Enhanced, Refundable Child Tax Credits

The United States faces a crisis of child poverty. Seventeen percent of all American children are impoverished — a rate higher than not just peer nations like Canada and the U.K., but Mexico and Russia as well. Currently, more than 50 percent of Black and Latinx children in the U.S. do not qualify for the full benefit, compared to 23 percent of white children, and nearly one in five Black children do not receive any credit at all.

To combat this crisis, President Biden and Congress should enhance the child tax credit and make it fully refundable. If we enhance the child tax credit, we can cut child poverty by 40 percent and instantly lift over 50 percent of Black children out of poverty.

Reparations

We cannot repair harms that we have not fully diagnosed. We must commit to a thorough examination of the impact of the legacy of chattel slavery on racial inequality today. In 2021, Congress must pass H.R. 40, which would establish a commission to study reparations and make recommendations for Black Americans.

The Long View

For the past century, the ACLU has fought for racial justice in legislatures and in courts, including through several landmark Supreme Court cases. While the court has not always ruled in favor of racial justice, incremental wins throughout history have helped to chip away at different forms of racism such as school segregation ( Brown v. Board), racial bias in the criminal legal system (Powell v. Alabama, i.e. the Scottsboro Boys), and marriage inequality (Loving v. Virginia). While these landmark victories initiated necessary reforms, they were only a starting point.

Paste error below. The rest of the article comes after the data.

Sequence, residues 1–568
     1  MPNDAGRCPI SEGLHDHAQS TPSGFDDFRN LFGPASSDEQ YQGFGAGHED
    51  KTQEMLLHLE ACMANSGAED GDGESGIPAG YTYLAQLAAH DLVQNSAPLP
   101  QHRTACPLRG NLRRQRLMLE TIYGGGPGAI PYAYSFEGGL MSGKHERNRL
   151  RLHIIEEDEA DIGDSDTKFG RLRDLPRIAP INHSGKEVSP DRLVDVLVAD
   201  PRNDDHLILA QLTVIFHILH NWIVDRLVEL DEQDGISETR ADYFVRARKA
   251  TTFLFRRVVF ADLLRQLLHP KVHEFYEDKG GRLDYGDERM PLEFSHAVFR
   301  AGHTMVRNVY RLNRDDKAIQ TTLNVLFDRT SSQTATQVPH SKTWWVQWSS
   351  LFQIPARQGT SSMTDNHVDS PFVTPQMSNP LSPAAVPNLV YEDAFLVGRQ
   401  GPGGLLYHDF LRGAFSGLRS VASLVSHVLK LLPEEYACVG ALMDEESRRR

Systemic racism continues to pervade the lives of Black people through voter suppression, lack of financial services, housing discrimination, and other areas. More than anything, doing this work has taught the ACLU that we must fight on every front in order to overcome our country's legacies of racism. That is what our Systemic Equality agenda is all about.

In the weeks ahead, we will both expand on our views of why these campaigns are crucial to systemic equality and signal the path this country must take. We will also dive into our work to build organizing, advocacy, and legal power in the South — a region with a unique history of racial oppression and violence alongside a rich history of antiracist organizing and advocacy. We are committed to four principles throughout this campaign: reconciliation, access, prosperity, and empowerment. We hope that our actions can meet our ambition to, as Dr. King said, lead this nation to live out the true meaning of its creed.

What you can do:
Take the pledge: Systemic Equality Agenda